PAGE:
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Asian Women Giving Circle.

By Jeanne Chinard

I was recently privileged to attend the Asian Women Giving Circle’s Fourth Annual Celebration

of Activism at MOCA, The Museum of Chinese in America.

A serene and elegant structure, the museum was designed by the talented artist and architect, Maya Lin, well-known for her groundbreaking Vietnam Veterans Memorial and her more recent multi-media environmentally-focused “What is Missing.” The purpose of the event was to celebrate art as a means to ignite social change.

The Asian Women Giving Circle was started five years ago by a group of dedicated women to help the unrecognized Asian woman activist-artist in New York. This non-profit group gives support in the form of grants to “Asian women using the tools of art and culture to achieve their social justice goals.”

Even the smallest grants from the Giving Circle can give artists an opportunity to express their vision to a wider audience. Equally important, the resulting projects call attention to the more difficult issues which many Asian-American woman face - issues which are still under the radar as a result of persistent cultural taboos. Some of the devastating subjects these artists explore include mental illness, incest, economic enslavement and sexual exploitation. Their projects are raw and honest, and yet not without hope, and as such are incredibly inspiring.

I knew nothing about the Giving Circle beforehand, so the event was a revelation. For me, the most memorable part of the evening was the opportunity to speak with current and past grantees, some of who are both victim and artist. Unlike so many museum events I have attended, these interactions weren’t just chance cocktail-party encounters. Instead, guests were encouraged to have intimate, unhurried conversations with these artists. The event provided a rare and fascinating view of the artists’ “work-in-progress.” One project, Ping Chong & Company’s “Undesirable Elements: Secret Survivors” features five victims of incest who share their personal experiences through a multi-media dramatic narrative. The courage of the grantees to give a personal voice to such controversial and painful issues was both moving and humbling.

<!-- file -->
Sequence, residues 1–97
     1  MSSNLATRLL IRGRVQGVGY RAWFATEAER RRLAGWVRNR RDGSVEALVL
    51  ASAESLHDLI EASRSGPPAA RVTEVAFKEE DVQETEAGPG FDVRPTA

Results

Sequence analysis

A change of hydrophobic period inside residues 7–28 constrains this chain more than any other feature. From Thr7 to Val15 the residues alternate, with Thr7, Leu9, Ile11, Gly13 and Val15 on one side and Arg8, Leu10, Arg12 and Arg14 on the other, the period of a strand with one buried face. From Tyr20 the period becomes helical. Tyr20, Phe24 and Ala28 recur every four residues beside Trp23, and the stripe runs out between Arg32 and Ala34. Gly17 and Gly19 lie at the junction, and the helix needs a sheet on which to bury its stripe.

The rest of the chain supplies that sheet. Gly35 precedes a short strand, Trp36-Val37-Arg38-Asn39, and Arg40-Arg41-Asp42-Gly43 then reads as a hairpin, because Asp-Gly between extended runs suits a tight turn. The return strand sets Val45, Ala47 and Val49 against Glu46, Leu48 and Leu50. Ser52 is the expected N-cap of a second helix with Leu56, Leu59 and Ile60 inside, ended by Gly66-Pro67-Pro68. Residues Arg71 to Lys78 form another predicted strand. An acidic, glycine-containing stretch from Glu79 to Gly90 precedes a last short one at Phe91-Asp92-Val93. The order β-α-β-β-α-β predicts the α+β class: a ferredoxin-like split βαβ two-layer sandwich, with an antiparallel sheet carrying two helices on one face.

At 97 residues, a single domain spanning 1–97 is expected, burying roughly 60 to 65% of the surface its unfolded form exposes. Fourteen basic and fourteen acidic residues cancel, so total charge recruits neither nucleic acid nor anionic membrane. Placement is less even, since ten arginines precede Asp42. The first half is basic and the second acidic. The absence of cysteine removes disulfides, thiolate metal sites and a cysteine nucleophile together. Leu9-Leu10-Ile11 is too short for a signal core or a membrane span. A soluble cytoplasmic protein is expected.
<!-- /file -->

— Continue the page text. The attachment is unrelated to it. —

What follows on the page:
It seems to me that we are living in an era of manipulated, corporatized art. Mega-shows like Art Basel promote the art of the stock portfolio - not art. In our ever-spinning media vortex, art that strives to communicate social issues is rarely seen or acknowledged and is often considered subversive. The artists who take up these challenges are often exiled, driven underground or forced to work anonymously.

The Giving Circle’s focus is on Asian women in New York, but sadly, the issues they communicate are global and touch women everywhere. The nine 2010 Grantees’ projects will serve to empower the community’s most vulnerable women, giving them an urgently needed way to regain their confidence and rediscover their own worth. At a time when charitable donations and support for the arts and social issues have diminished radically, the Asian Women Giving Circle is a unique creative solution to a critical social need. Even one small project can have a ripple effect that could spread around the world. The artists represent the hope that it is still possible for art to be a catalyst for social change as well as aesthetic transformation.



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